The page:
As Tesla stock surged to hit a new all-time high on Monday, increasing the stock’s record run, as investors have made CEO Elon Musk the seventh-richest person in the world, surpassing legendary investor Warren Buffett. Given the company’s outstanding performance, there is now broadening speculation that Tesla will soon join the ranks of the S&P 500.
After Monday’s open, Tesla’s market value increased to $321 billion, according to FactSet, making it the 10th largest U.S. stock by market value, passing Procter & Gamble, according to FactSet.
Yet some analysts like Larry McDonald, editor of The Bear Traps Report, feel that Tesla’s spike higher is fueled by investors bidding up shares ahead of the company’s potential inclusion in the S&P 500, and not by true fundamental strength.
“By buying up Tesla TSLA now, front-runners are forcing the S&P Indexes to give the stock a higher and higher weighting,” he wrote in a recent note. “Thus, ETFs / Indexes will be forced to pay up, buying even more shares. Then the hot money exits, leaving indexes holding the bag,” he said.
With earning season starting on Monday, analysts are warning that there is still overhead resistance to be broken on the S&P 500 and that we could still be trading inside of a larger consolidation until that happens.
“The overall rally is still very narrow…and several of the high flying mega-cap stocks are becoming overbought (and more over-valued),” Matthew Maley, chief market strategist at Miller Tabak, said in a note on Sunday. “Therefore, we HAVE to wait to see if the key resistance level on the S&P is indeed broken to the upside before we can confirm that another rally leg in the broad stock market has begun.”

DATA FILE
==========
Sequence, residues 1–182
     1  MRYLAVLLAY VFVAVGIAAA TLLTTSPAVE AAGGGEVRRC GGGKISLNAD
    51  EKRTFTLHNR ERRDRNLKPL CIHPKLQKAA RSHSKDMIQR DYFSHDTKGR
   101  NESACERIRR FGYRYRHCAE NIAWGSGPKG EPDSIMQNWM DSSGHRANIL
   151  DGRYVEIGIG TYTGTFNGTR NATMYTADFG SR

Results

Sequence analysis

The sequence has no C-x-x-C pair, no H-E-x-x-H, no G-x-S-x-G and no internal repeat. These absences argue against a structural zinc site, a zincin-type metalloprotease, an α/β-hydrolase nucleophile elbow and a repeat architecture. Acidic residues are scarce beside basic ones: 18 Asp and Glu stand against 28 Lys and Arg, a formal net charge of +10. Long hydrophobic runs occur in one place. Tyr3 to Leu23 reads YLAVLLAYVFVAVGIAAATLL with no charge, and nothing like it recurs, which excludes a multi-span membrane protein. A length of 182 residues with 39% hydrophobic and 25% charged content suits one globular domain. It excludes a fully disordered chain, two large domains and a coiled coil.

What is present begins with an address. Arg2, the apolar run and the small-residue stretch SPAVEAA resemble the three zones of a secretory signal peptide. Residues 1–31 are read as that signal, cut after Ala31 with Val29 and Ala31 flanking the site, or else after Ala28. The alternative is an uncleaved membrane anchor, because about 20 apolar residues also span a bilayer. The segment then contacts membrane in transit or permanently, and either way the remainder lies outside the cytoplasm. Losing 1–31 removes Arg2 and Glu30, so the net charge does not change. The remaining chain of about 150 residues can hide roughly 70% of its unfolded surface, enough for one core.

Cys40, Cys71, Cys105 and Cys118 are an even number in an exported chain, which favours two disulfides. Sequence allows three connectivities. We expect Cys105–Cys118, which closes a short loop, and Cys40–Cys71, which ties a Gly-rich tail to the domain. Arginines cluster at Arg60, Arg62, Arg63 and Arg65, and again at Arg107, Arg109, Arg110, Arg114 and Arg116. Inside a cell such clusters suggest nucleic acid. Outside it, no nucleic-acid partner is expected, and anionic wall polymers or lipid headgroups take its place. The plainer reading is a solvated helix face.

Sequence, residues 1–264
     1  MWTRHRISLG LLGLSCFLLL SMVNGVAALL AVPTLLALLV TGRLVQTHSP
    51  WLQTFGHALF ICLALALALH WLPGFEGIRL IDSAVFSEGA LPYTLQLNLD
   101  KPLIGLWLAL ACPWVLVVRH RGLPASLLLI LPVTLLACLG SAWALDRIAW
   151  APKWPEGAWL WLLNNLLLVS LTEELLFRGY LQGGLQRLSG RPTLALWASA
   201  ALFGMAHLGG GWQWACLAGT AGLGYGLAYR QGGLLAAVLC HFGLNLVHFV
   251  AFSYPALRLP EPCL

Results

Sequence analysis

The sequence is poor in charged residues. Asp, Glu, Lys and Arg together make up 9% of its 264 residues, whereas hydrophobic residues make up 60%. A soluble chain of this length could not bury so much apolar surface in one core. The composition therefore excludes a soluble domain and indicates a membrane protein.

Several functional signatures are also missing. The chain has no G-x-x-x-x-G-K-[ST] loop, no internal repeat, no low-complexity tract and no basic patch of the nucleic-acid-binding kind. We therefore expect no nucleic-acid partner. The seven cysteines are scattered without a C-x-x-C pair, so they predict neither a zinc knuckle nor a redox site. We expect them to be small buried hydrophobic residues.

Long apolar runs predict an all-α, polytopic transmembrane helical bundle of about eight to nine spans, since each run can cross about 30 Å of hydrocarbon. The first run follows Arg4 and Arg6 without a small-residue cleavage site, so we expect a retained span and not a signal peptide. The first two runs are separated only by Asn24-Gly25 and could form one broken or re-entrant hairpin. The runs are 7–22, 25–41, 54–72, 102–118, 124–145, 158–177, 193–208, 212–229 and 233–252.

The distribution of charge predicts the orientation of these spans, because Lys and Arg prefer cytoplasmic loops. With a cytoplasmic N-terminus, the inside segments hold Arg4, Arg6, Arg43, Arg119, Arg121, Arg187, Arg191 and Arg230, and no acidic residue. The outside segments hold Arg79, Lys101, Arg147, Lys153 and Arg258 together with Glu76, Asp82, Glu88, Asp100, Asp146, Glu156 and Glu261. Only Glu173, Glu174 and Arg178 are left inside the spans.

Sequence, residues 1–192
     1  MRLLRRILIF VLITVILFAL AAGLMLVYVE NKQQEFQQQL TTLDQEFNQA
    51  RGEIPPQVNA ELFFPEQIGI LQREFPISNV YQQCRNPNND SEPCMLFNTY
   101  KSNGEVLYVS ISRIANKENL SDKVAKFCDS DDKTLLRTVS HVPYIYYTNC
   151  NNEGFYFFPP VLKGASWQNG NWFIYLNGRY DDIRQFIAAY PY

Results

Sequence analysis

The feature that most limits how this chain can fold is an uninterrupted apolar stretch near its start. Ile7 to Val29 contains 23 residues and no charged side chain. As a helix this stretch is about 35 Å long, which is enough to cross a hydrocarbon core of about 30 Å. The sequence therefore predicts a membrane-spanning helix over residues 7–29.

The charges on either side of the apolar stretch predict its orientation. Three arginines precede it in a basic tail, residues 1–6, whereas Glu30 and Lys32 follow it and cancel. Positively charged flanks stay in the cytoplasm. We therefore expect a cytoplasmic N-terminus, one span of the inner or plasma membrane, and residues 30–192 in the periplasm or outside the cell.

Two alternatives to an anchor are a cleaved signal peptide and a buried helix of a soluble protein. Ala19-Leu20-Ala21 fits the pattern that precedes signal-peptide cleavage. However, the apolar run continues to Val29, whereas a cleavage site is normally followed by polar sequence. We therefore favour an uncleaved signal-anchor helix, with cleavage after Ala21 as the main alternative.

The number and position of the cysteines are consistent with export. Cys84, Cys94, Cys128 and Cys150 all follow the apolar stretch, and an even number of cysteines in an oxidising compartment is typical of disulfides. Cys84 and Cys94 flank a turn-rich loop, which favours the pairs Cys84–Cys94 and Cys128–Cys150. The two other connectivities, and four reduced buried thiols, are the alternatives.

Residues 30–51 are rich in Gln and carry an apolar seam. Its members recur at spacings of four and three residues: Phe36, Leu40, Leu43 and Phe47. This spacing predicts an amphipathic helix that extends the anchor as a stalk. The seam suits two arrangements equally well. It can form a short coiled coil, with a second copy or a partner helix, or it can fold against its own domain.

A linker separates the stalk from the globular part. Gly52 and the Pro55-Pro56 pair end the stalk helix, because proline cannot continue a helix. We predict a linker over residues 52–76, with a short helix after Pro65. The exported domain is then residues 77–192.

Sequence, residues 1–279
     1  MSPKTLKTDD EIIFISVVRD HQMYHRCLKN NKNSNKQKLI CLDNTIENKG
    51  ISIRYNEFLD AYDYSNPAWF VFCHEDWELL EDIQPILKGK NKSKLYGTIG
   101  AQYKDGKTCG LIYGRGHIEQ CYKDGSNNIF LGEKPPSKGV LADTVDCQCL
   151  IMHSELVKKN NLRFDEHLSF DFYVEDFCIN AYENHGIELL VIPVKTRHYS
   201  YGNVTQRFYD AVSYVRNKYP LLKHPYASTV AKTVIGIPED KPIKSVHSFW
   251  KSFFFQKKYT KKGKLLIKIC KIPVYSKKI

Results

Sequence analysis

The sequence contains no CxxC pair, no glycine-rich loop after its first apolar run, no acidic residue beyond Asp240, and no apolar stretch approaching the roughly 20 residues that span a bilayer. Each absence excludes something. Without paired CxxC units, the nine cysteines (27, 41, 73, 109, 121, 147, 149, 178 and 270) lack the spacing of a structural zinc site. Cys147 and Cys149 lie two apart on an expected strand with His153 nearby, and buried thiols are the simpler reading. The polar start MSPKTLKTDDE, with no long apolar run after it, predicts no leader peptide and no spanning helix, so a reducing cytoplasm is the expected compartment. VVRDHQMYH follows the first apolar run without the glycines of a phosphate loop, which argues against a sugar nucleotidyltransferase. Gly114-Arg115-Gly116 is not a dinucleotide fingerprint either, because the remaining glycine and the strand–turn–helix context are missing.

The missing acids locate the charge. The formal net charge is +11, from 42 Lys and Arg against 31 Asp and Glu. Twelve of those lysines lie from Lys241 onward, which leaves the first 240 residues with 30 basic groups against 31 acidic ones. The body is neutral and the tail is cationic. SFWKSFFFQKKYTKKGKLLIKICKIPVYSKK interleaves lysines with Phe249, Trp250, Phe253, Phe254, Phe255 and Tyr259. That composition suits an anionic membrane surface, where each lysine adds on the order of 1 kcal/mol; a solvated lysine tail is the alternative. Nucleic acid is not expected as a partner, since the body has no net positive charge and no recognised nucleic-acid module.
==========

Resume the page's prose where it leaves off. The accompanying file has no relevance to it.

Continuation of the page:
After the S&P 500′s best quarter in more than 20 years, the broad market’s comeback rally has languished amid fears of a worsening pandemic. However, the equity benchmark is now off just 1.4% for the year, sitting roughly 6% below its February all-time high.
However, some analysts like Jeff Saut of Capital Wealth Management see even loftier targets for the index, projecting the bellwether to hit 4000 in the near future.
“The economy is strong. It’s getting stronger. It will drive earnings higher than most analysts expect. And I’ll say it again: people are woefully underinvested. This is a secular bull market and not many of us have been around 50 years to see what a secular bull market looks like. And secular markets tend to last 15 to 20 years. So depending on your starting point, whether it’s October of ’08 or March 2009, this thing could have another 5, 6, 7 years left in it. And nobody believes it,” Saut added.